For decades, the limitations of batteries have restricted the monitoring of critical infrastructure, but a breakthrough by MIT researchers may change that. The newly unveiled ‘HoloTile’ floor is a significant step closer to enabling sensors embedded within a ship’s engine to provide real-time data without the need for cumbersome wires or battery replacements.

MIT researchers, led by Disney Research fellow Lanny Smoot, have developed a sensor that harvests energy from its surroundings, eliminating the need for batteries or wired connections. This groundbreaking sensor can be applied in challenging environments, such as inside a ship’s engine, to monitor machine performance and efficiency seamlessly.

The sensor, designed to clip around a wire carrying electricity, captures magnetic field energy generated by the wire’s current. This energy is then utilized to measure the temperature of the motor. Steve Leeb, the senior author of the paper and a professor at MIT, describes it as “ambient power,” emphasizing its easy installation without specific soldered connections.

Published in the January issue of the IEEE Sensors Journal, the paper details the design principles and challenges of creating a battery-free, self-powered sensor. The researchers offer a design guide, covering key components like the energy harvester, energy storage, power management, sensing circuit, and communication module, enabling engineers to balance environmental energy with the device’s sensing needs.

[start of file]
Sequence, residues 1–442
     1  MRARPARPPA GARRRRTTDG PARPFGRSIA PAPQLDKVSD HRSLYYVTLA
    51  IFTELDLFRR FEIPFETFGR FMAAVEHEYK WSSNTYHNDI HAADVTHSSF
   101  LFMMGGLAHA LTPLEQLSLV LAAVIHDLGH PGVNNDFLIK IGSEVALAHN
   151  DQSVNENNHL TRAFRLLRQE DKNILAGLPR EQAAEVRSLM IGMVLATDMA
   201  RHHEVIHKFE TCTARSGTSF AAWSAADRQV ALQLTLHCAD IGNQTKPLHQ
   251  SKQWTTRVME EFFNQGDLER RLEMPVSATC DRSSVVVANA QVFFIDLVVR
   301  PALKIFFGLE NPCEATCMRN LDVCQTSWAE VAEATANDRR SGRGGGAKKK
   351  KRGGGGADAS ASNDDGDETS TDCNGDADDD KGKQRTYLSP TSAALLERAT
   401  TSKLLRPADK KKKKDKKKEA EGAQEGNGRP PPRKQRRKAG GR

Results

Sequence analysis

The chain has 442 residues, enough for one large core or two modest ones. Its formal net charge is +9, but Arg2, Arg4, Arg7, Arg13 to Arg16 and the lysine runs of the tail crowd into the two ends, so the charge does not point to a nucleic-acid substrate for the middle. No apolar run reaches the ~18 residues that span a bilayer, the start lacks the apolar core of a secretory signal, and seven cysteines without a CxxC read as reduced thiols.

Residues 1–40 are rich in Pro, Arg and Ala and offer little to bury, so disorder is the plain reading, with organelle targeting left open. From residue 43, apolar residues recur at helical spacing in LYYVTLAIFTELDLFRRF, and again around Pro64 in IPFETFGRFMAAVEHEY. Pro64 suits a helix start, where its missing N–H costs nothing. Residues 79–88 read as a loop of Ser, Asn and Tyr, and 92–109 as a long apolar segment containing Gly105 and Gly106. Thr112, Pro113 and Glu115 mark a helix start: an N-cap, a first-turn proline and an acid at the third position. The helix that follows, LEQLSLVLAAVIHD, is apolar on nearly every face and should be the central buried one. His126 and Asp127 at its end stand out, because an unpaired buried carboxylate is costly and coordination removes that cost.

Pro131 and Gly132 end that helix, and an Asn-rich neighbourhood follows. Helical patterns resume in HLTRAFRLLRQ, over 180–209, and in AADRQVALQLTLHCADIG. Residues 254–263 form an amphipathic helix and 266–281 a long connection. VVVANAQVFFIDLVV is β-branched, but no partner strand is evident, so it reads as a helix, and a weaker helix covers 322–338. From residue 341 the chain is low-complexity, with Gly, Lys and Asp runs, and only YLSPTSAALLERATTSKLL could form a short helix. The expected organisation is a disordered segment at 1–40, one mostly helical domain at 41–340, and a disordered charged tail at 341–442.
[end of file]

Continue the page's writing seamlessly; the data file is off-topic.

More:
The sensor continuously senses and controls energy flow during operation, storing excess energy for later use. It can even cold start, booting up its electronics with no initial voltage using integrated circuits and transistors. This design framework is versatile, applicable not only to sensors using magnetic field energy but also to those using vibrations or sunlight.

Daniel Monagle, the lead author of the paper and a graduate student at MIT, envisions the framework enabling the development of cost-effective sensor networks for applications in factories, warehouses, and commercial spaces.

The battery-free, energy-harvesting sensor holds potential implications for ship systems monitoring, as noted by John Donnal, an associate professor at the U.S. Naval Academy. Donnal suggests that energy-harvesting systems could facilitate the retrofitting of diagnostic sensors on ships, reducing overall maintenance costs significantly.

The researchers avoided using a battery to simplify the sensor and mitigate safety risks. Instead, they incorporated internal energy storage, including capacitors, designed to balance charge-up time and energy storage needs. The control algorithms dynamically measure and budget energy, ensuring the sensor operates maintenance-free, harvesting energy and operating autonomously.

Looking ahead, the researchers plan to explore less energy-intensive means of data transmission, such as optics or acoustics, and further model and predict energy needs for enhanced data gathering. The goal is to develop a comprehensive framework that allows a device to effectively gather more data, offering valuable insights into operations.

By Impact Lab